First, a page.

Unemployment last year was 12 percent for men who served during Iraq and Afghanistan compared with 9.3 percent among civilian males, according to the most recent Bureau of Labor Statistics report.
Women were even worse off with 36 percent of young female veterans jobless in 2011 compared with a 14.5 percent rate among young women 18 to 24, according to the report released last week.
But there have been some encouraging signs with unemployment rates among veterans trending down so far this year.
“We’re cautiously optimistic,” says Jim Borbely, an economist with the Bureau of Labor Statistics.
The Obama administration has a campaign that includes tax credits for employers, corporate hiring pledges, job fairs and new initiatives by the Pentagon and departments of Veterans Affairs and Labor to help ex-servicemembers prepare for and find work.
A survey of employers in January by the Society for Human Resource Management, the largest association of personnel officials with 260,000 members, also found positive signs with 64 percent of companies hiring veterans in the previous 36 months, up from 53 percent in 2010.
Still, there were 154,000 Iraq and Afghanistan veterans out of work last month.
Thomas Garlic, 26, who lives with his wife and 5-year-old son outside Chicago, was discharged in 2008 with post-traumatic stress disorder and has been largely jobless ever since.
“It was very depressing,” he says. “Every time I would go up to bat, I would just strike out.”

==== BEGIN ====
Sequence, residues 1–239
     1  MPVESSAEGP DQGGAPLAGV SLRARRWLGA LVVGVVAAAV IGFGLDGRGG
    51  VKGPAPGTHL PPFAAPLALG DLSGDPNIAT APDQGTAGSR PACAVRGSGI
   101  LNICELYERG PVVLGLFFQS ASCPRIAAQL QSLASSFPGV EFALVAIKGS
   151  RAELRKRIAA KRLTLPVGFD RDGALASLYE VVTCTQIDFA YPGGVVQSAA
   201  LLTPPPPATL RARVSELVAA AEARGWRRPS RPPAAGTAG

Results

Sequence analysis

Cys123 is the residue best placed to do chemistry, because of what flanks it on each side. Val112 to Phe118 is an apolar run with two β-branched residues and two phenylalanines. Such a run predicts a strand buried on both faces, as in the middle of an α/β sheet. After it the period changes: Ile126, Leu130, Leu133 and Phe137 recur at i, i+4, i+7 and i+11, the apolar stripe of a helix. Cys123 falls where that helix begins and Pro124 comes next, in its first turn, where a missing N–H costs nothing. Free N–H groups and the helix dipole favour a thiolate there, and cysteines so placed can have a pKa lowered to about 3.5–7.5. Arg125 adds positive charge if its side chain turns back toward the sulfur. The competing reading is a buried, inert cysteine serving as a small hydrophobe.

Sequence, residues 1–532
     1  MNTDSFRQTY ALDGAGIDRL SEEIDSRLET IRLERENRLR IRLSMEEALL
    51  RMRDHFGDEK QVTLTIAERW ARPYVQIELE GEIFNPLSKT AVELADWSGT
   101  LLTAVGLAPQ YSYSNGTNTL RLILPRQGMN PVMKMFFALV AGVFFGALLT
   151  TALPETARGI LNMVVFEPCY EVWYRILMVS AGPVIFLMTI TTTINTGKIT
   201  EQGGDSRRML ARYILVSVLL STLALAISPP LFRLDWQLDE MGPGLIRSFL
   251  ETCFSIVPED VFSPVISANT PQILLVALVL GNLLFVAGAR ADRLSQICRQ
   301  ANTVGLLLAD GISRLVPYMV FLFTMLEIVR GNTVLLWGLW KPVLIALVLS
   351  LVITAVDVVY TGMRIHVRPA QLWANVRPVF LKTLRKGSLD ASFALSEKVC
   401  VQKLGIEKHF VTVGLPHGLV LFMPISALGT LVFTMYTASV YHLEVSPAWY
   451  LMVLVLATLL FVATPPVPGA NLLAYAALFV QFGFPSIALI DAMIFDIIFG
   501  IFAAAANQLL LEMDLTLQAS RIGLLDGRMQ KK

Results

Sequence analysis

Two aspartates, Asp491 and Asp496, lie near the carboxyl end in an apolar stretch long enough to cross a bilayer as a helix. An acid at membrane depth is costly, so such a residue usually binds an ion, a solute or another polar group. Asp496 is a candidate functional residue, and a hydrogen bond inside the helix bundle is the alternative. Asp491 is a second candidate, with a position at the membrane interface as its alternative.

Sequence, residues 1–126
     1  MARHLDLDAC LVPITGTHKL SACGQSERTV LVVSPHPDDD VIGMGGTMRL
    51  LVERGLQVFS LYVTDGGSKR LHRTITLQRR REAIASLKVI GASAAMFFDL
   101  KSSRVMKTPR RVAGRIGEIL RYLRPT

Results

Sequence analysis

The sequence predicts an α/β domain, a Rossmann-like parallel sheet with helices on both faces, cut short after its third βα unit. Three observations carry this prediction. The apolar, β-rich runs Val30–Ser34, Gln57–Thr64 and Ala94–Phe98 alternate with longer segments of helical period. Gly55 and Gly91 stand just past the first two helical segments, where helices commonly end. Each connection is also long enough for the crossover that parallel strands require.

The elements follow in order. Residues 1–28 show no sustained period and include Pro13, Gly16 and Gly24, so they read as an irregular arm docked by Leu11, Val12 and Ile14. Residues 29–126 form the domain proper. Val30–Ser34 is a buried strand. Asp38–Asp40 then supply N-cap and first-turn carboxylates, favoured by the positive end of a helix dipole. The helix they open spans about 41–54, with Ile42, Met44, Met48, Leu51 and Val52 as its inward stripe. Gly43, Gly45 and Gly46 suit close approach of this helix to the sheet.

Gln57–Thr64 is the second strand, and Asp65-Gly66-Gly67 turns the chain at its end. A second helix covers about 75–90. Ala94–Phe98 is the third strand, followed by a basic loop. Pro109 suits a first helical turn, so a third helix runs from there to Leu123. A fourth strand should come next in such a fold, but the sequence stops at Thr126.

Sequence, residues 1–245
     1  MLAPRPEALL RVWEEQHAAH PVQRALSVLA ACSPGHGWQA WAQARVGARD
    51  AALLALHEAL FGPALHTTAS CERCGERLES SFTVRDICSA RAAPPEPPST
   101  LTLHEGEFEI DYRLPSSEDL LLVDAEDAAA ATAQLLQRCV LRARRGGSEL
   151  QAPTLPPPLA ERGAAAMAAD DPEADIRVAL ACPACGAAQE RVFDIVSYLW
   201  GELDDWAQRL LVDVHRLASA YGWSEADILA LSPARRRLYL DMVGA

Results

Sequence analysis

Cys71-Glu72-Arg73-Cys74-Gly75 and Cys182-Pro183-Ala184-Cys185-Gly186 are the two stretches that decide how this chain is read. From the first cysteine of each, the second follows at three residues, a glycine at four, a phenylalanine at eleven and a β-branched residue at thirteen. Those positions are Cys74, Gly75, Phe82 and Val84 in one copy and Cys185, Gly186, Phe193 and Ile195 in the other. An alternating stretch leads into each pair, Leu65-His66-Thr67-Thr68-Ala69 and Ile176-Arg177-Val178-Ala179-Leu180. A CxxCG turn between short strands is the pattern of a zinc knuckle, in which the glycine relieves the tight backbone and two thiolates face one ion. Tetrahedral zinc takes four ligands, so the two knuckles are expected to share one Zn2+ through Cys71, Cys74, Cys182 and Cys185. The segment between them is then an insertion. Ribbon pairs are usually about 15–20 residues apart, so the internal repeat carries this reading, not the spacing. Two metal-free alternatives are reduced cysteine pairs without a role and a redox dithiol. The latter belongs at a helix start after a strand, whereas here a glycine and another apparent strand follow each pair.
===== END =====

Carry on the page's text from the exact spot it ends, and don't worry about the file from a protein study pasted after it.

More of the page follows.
Now, though, Garlic and seven other vets are on their way to becoming electricians, thanks to Elk Grove-based USA Cares. The non-profit that provides financial and advocacy assistance to post-9/11 veterans and the Illinois chapter of the Association of Builders and Contractors linked up for the effort.
The vets already have jobs promised by a contractor based in Champaign, and $10-an-hour income while in class to help them support their families.
Their $4,000 apprentice tuition is being fronted by USA Cares until GI Bill vocational coverage comes through, says Bill Nelson, head of the non-profit.
After injuries from roadside bomb explosions in Iraq, Garlic eventually abused pain medication, a common problem in the military. The abuse led to a general discharge, what many employers took as a red flag, he says.
Past that hurdle, Garlic says his life is turning around. “Personally, I’m lifted. My wife has seen a change. I’m happy,” he says. “I’m getting good grades.”
Gannett News Service